Nike and Lululemon Send Major “Stagflation” Warning

Stocks struggled to find direction today, following a record-breaking session yesterday as investors grappled with the prospect of a reversal in interest rate hikes. The tech-heavy Nasdaq Composite, which opened the day in negative territory, managed to edge into the green by mid-afternoon, up about 0.1%. The Dow Jones Industrial Average, which has been flirting with the psychologically significant 40,000 level, slipped around 0.5%, while the benchmark S&P 500 remained flat.

Despite the mixed performance, all three major indexes are poised for solid weekly gains, having notched all-time closing highs after the Federal Reserve alleviated concerns that it might scale back its forecast for rate cuts this year. Optimism that borrowing costs have reached their peak is also riding high on indications that other major central banks are prepared to pivot.

Lululemon Athletica Inc. saw its stock plummet in premarket trading after the company’s first-quarter net revenue forecast fell short of Wall Street’s expectations. The athleisure brand attributed the underwhelming sales forecast to a slowdown in sales at its US stores. Furthermore, Lululemon revealed that its fourth-quarter adjusted earnings per share missed estimates, prompting analysts to revise their price targets downward.

In a conference call with analysts late Thursday, Chief Executive Officer Calvin McDonald reported that US customers purchased fewer items compared to the previous year. He acknowledged that customers “are a little soft coming into the year” but highlighted “strong momentum” at stores across all international markets, including Canada.

Lululemon’s outlook for 2024 projects revenue to be in the range of $10.7 billion to $10.8 billion, representing growth of 11% to 12%, which falls below the 19% recorded last year. The slowdown in sales has been observed across a wide variety of products. To boost sales, McDonald announced that the company would introduce new product colors and offer more yoga pants in sizes 0 to 4.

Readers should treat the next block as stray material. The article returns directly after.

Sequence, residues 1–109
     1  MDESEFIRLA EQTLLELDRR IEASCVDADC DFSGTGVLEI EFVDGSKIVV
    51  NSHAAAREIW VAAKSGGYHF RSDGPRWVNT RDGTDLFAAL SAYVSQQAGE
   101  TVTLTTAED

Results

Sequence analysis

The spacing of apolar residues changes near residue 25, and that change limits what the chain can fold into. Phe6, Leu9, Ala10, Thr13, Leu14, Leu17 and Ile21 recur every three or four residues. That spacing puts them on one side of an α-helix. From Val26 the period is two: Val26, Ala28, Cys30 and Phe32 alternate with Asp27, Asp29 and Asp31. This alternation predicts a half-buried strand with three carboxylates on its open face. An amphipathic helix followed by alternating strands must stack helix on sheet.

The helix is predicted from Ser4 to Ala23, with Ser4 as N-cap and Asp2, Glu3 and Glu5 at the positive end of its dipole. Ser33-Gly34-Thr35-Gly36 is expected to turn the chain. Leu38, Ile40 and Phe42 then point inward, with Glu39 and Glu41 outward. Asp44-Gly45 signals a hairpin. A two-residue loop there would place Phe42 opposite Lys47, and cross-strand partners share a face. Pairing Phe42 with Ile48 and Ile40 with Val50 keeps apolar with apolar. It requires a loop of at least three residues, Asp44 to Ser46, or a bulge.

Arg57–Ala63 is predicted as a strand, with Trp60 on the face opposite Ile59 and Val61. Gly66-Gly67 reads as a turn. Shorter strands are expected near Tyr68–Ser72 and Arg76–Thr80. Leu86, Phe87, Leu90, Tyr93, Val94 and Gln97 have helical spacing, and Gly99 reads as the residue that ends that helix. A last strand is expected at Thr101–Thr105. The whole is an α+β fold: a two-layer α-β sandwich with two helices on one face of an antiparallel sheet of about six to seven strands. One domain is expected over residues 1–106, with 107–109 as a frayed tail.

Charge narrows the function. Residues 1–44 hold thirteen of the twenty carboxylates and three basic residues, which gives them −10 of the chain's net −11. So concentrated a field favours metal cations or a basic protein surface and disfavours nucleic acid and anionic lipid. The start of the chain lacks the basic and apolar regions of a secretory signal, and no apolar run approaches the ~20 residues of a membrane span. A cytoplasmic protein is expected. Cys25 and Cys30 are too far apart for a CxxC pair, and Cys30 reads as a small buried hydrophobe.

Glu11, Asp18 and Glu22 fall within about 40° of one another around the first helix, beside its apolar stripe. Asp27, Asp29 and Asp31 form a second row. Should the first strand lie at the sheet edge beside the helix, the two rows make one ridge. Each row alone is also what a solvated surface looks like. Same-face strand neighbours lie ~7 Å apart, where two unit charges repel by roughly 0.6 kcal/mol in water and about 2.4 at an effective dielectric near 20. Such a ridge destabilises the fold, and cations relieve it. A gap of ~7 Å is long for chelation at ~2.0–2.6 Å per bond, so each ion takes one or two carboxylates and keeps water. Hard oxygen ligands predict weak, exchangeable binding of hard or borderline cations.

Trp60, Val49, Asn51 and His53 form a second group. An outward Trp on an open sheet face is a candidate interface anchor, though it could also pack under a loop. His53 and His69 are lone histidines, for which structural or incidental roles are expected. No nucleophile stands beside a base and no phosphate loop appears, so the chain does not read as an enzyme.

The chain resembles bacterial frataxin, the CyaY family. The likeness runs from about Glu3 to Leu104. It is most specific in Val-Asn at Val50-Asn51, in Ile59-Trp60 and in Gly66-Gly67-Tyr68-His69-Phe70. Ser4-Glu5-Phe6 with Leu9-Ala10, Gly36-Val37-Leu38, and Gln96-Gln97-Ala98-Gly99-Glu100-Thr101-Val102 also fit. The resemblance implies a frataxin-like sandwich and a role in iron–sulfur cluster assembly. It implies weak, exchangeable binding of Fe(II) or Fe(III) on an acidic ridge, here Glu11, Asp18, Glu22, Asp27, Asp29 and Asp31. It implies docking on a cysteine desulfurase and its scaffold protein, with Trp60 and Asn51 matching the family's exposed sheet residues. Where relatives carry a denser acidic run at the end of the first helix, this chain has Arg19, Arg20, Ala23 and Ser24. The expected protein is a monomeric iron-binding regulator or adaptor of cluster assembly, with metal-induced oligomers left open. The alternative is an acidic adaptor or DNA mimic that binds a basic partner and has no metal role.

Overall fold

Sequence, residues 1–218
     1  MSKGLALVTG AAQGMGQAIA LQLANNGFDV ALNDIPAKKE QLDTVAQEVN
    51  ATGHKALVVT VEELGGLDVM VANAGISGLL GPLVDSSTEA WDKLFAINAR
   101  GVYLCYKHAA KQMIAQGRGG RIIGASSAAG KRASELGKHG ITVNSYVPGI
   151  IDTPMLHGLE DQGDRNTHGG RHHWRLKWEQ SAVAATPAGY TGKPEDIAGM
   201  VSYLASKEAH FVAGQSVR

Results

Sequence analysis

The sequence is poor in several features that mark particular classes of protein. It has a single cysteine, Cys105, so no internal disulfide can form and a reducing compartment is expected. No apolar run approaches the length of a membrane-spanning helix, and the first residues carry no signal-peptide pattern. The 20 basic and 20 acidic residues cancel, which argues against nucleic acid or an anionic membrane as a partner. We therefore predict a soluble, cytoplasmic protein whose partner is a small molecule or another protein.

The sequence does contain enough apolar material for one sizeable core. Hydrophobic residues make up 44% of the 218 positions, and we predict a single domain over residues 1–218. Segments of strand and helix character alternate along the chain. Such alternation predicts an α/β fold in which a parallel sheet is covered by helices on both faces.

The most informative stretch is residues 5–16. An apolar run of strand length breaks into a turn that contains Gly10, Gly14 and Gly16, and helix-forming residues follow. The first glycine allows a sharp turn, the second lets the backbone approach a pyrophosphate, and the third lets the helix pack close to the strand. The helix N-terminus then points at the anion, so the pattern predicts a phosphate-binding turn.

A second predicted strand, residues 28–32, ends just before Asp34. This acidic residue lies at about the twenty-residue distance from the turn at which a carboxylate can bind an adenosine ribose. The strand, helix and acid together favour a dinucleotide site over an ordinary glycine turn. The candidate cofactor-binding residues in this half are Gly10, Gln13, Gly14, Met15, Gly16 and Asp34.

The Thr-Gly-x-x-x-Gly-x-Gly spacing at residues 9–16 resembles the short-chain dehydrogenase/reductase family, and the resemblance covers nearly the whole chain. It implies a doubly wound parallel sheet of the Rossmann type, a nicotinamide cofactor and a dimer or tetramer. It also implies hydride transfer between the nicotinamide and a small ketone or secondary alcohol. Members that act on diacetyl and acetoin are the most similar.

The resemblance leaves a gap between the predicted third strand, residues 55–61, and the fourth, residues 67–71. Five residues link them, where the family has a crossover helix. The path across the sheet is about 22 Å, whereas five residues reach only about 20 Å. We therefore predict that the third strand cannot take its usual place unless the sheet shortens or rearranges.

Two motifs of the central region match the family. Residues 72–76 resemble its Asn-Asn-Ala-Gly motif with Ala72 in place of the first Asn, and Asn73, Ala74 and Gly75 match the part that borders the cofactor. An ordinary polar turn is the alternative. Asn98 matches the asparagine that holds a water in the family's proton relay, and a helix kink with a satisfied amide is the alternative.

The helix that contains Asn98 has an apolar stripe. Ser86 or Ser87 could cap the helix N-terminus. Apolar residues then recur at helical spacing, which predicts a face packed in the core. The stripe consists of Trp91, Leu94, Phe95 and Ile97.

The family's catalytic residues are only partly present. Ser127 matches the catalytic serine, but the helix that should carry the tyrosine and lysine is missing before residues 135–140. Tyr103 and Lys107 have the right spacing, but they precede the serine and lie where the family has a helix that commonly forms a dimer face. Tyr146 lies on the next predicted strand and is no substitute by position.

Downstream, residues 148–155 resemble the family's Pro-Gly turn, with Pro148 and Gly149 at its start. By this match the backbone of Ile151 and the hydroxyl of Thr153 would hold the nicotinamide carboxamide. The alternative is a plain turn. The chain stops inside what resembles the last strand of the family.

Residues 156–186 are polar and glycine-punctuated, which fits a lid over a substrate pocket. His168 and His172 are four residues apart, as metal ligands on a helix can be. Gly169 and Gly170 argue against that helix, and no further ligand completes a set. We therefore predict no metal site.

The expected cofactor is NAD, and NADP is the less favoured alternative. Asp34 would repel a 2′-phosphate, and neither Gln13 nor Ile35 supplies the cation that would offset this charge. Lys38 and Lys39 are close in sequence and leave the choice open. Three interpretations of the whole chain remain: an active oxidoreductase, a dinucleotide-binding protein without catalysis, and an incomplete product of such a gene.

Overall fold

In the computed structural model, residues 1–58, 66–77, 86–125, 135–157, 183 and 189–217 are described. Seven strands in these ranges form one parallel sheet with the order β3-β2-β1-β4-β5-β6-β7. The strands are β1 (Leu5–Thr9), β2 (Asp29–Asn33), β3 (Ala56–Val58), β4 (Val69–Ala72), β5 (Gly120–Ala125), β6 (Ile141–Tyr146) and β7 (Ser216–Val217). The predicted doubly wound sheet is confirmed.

Shares of Lululemon in New York premarket trading plummeted by as much as 13% following the news.

Bloomberg Intelligence analyst Poonam Goyal noted that the yoga-wear maker typically provides conservative guidance and then surpasses those forecasts, stating, “They will beat their conservatively-set guidance. Plenty of opportunity exists — especially abroad and in men’s.”

For the first quarter, Lululemon expects net revenue to be between $2.18 billion and $2.2 billion, falling short of the Bloomberg Consensus estimate of $2.26 billion. The company also anticipates EPS to range from $2.35 to $2.40, lower than the estimate of $2.55.

Looking ahead to the 2025 fiscal year, Lululemon projects net revenue to be in the range of $10.7 billion to $10.8 billion, below the estimate of $10.96 billion. The company forecasts EPS to be between $14 and $14.20 for the year.

Wall Street analysts reacted positively to the report and mostly maintained their buy ratings on the stock, even though LULU’s losses spilled over and hit shares of other major retailers.

Athletic apparel retailer Nike didn’t help matters either when its shares dropped 6% in premarket trading amid reports of a sales squeeze, organizational restructuring, and a product transition phase. This, coupled with LULU’s disappointing guidance, may be the latest evidence that some consumers are feeling the strain of persistent inflation.

That’s stagflationary data, which is perhaps the worst possible kind of data for stocks. The dollar soared today in response which pushed hedge assets lower, like gold, which is now threatening a selloff after recently hitting new highs. In general, though, traders should really be paying more attention to the S&P, as the market is still not positioned well to absorb a selloff.

If the market finally does slip, we’re still in danger of a very rapid descent, which could easily shoot the beaten-down VIX higher, amplifying the damage suffered by bulls.


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